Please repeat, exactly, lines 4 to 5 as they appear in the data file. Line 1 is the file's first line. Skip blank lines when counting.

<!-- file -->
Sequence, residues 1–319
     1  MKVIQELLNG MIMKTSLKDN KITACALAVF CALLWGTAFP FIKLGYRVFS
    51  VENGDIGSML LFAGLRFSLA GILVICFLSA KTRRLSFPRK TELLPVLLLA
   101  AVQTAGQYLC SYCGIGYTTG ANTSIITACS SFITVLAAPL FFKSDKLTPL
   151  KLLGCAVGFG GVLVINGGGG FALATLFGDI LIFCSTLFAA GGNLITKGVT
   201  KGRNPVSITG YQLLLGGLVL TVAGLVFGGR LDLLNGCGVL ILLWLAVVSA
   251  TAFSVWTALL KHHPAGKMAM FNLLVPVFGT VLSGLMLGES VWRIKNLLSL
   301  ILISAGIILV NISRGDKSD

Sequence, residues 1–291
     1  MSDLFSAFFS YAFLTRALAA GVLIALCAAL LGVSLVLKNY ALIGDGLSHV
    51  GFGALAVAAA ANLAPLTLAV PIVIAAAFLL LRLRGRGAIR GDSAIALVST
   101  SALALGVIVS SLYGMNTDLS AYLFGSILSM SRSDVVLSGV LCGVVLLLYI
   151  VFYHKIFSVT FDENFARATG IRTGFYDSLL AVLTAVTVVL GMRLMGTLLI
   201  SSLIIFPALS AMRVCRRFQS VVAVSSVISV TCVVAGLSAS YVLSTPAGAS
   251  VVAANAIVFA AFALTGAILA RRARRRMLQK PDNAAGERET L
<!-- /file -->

   101  AVQTAGQYLC SYCGIGYTTG ANTSIITACS SFITVLAAPL FFKSDKLTPL
   151  KLLGCAVGFG GVLVINGGGG FALATLFGDI LIFCSTLFAA GGNLITKGVT